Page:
Voltage and Current

Voltage and Current are electrical quantities that describe the potential (voltage) and the flow (current).

Voltage is often shown as E or V, and the unit is volts. It is measured with a voltmeter. In Europe, "U"[1] is used.

Current is shown as I, the unit is Amperes (or amps). It is measured with an ammeter.

Ohm's Law describes the relationship between voltage and current in a circuit. The resistance of a circuit is determined by dividing the voltage by the current (E/I = R). Resistance is measured in ohms, the symbol is the Greek symbol Omega (Ω), and is measured with an ohmmeter. Ohmmeters are never used on energized circuits!

Ohm's Law describes how things will happen in a circuit, or is used to determine the quantities you should measure. This is useful for troubleshooting.

The Basics

Voltage

Voltage, or Potential, is analogous to pressure in a water pipe.

When water is stored in a tank, its mass will create pressure and push water out of an outlet at the bottom of the tank. The tank can be considered a battery, as it stores energy.

The unit is Volts. Sometimes called Potential, reflecting the fact that there is a difference in voltage between two points, such as the terminals of a battery.

Current

Current is the flow of electrons in a wire.

Current, measured in Amperes, is analogous to the flow of water in a pipe. Regardless of the pressure, the diameter of the pipe will limit the volume of water which can move through the pipe. Enlarging the diameter pipe allows for more volume. Where it may require two minutes to fill a container with water, reducing the diameter of the pipe will increase the time required to fill the container.

The pipe in this example fills the role of a resistor in electricity. A resistor will limit the flow of current, and a voltage can be measured across it, in accordance with Ohm's Law.

Voltage and Current

Now The Details

The picture shows a series circuit and a parallel circuit. This is how voltage and current are related in such circuits:

• Series Circuit
The electrical current flows from the power supply into bulb A, out of bulb A and into bulb B, out of bulb B and returns to the power supply.
The current flows single file through both light bulbs, and the light bulbs have the same resistance (assuming both bulbs are identical). Ohm's law tells us that I = V / R, or V = I · R, and since the current I and the resistance R are the same for both bulbs, the voltage drop of each bulb is also the same.
Since the supply voltage is 12 V, that means there is a voltage of 6V across each bulb.
The sum of the voltages must equal zero: +12 − 6 − 6 = 0.
• Parallel Circuit
The electrical current flows from the power supply to the junction that leads to 2 identical light bulbs. The bulbs are identical, and they are both connected to the 12 V of the power supply. The missing piece of the puzzle is the current flowing through each bulb. Ohm's law tells us that I = V / R. Since the voltage V and the resistance R are the same for each bulb, the current I flowing through each bulb is also the same.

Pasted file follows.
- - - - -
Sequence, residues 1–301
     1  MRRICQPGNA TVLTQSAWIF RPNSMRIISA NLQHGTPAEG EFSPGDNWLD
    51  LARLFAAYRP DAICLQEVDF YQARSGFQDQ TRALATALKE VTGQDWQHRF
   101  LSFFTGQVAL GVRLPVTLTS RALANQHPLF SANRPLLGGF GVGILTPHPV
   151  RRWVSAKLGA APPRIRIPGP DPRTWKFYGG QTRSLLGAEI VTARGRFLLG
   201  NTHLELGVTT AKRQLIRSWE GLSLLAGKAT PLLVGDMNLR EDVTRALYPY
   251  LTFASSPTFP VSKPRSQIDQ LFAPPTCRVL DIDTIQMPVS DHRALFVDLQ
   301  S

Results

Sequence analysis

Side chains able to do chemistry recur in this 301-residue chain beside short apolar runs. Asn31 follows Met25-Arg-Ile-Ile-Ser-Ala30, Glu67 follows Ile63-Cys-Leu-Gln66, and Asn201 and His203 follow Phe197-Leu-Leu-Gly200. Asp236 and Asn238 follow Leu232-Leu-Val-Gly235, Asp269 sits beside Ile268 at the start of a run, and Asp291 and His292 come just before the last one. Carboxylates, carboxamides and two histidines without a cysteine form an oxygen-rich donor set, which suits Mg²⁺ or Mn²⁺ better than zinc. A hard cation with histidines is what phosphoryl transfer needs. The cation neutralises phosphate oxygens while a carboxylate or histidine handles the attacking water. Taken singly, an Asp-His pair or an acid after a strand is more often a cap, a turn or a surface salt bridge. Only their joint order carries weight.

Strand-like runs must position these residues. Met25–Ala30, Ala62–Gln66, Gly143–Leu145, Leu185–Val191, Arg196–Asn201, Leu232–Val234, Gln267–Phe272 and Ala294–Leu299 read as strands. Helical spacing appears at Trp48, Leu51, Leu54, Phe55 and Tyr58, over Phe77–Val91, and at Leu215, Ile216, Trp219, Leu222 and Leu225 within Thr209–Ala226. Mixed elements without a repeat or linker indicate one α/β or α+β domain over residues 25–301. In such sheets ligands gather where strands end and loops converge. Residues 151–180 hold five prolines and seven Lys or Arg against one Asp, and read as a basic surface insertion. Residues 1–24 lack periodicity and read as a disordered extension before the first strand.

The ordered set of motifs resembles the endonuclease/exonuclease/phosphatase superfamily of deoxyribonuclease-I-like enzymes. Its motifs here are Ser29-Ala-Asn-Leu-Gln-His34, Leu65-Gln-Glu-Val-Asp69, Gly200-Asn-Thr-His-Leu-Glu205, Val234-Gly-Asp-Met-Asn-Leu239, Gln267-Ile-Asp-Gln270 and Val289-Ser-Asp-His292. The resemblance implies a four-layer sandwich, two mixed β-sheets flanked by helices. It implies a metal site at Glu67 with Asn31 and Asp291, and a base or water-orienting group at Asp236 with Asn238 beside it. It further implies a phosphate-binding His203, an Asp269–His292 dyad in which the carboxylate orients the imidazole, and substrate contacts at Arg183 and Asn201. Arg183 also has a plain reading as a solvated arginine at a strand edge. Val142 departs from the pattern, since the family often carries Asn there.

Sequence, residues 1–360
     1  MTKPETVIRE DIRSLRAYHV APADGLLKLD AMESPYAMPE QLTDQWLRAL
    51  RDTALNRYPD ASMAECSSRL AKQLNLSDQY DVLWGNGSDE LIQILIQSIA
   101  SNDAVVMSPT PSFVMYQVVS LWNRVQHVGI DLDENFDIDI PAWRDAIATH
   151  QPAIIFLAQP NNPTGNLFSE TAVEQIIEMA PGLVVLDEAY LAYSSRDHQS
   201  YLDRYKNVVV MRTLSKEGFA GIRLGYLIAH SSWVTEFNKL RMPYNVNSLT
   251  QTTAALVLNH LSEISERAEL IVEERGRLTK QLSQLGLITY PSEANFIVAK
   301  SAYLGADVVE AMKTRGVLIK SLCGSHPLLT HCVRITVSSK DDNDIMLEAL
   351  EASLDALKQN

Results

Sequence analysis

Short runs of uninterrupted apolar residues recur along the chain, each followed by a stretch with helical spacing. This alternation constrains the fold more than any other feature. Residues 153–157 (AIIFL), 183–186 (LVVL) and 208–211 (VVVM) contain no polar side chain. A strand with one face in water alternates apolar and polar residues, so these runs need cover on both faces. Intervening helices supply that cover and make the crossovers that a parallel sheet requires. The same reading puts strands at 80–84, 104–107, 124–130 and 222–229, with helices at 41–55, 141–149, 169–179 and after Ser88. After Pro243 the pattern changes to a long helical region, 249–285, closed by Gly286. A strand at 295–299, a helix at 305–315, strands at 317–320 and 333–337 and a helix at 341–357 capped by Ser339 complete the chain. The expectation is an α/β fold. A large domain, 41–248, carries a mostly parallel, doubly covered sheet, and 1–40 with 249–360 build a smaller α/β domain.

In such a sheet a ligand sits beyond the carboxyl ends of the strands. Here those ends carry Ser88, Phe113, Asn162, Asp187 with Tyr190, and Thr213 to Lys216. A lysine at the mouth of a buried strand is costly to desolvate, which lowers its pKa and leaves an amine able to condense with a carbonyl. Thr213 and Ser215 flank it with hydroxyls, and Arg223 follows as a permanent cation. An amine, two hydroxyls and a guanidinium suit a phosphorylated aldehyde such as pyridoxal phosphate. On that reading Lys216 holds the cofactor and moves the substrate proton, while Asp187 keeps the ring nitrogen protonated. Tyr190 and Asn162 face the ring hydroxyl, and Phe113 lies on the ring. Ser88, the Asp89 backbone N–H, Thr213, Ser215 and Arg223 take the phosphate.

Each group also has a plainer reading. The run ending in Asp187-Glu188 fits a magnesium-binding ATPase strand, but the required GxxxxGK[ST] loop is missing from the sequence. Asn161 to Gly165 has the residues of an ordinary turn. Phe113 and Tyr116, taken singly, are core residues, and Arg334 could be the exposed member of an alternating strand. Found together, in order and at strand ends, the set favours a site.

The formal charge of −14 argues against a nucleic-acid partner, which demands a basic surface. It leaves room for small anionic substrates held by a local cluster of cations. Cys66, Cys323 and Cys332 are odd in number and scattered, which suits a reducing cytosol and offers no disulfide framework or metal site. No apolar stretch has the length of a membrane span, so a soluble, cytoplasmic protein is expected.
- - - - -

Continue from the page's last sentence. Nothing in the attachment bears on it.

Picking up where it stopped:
The picture labels the current flowing into the parallel circuit with Y, so the current flowing through each bulb is Y/2. The total current is the sum of both lamp currents

General Rules

• Voltage
In a circuit with two devices in series, the total voltage on the circuit is divided up between the devices. If the devices have the same resistance, there is half of the total voltage on each device.
• Current
In a circuit with two devices in parallel, the total current flowing through the circuit is divided up between the devices. If the devices have the same resistance, there is half of the total current flowing through each device.
• Resistance
The total resistance of resistors in series is the sum of the resistors.
The total resistance of resistors in parallel: 1/RParallel = 1/R1 + 1/R2 +1/R3

Power

Power is measured in Watts or VA.

The simplest way to determine power is to multiply the Voltage by the Current. The result is a unit called Volt-Amps or VA. This is true for AC (Alternating Current) and DC (Direct Current). Watts can be used, and often is with DC.

Power with AC is a little different: Another component, Power Factor, comes into play. With a pure resistance, the Power Factor (PF) is 1. Typically the load will be more complex, and introduce the power factor, which is the difference in degrees between the voltage and current.

The voltage will lead or lag the current, where the voltage will reach its maximum at a different time than the current. A very large power factor of 0.5 with a VA of 100 results in the wattage being 50. In this example the difference between the peak voltage and peak current is 60 degrees.

Volts × Amps × PF = 50 × 2 × 0.5 = 100VA × 0.5 = 50W
The power factor is the cosine of the angle of lead or lag.

What happened to the other 50W? It is an imaginary quantity called Volt-Amp Reactive, or VARs. It can be illustrated with the classic 3-4-5 triangle: 3 VARs + 4 Watts = 5VA.

52 = √(32 + 42)

Root Mean Square

Root Mean Square is the equivalent DC heating value of AC voltage and current.

It is a calculation designed to allow direct comparisons between AC and DC. Therefore 100W is the same, regardless of the power source.

As AC is a sine wave, its instantaneous value depends on the angle. A value of 100V RMS is 141.4Volts Peak (100 × √2) or 282.8V Peak to Peak. If the measured voltage is 200V-peak, the RMS value is determined by multiplying that value by 0.707 (or 1/√2), equalling 141.4V RMS.

The average voltage or current can be calculated by multiplying the peak value by 0.636.

While it may seem complicated, it makes it a lot easier when going from one world to another, particularly with respect to the conversion of AC to DC.

Quality multimeters will do this calculation internally and display the RMS value.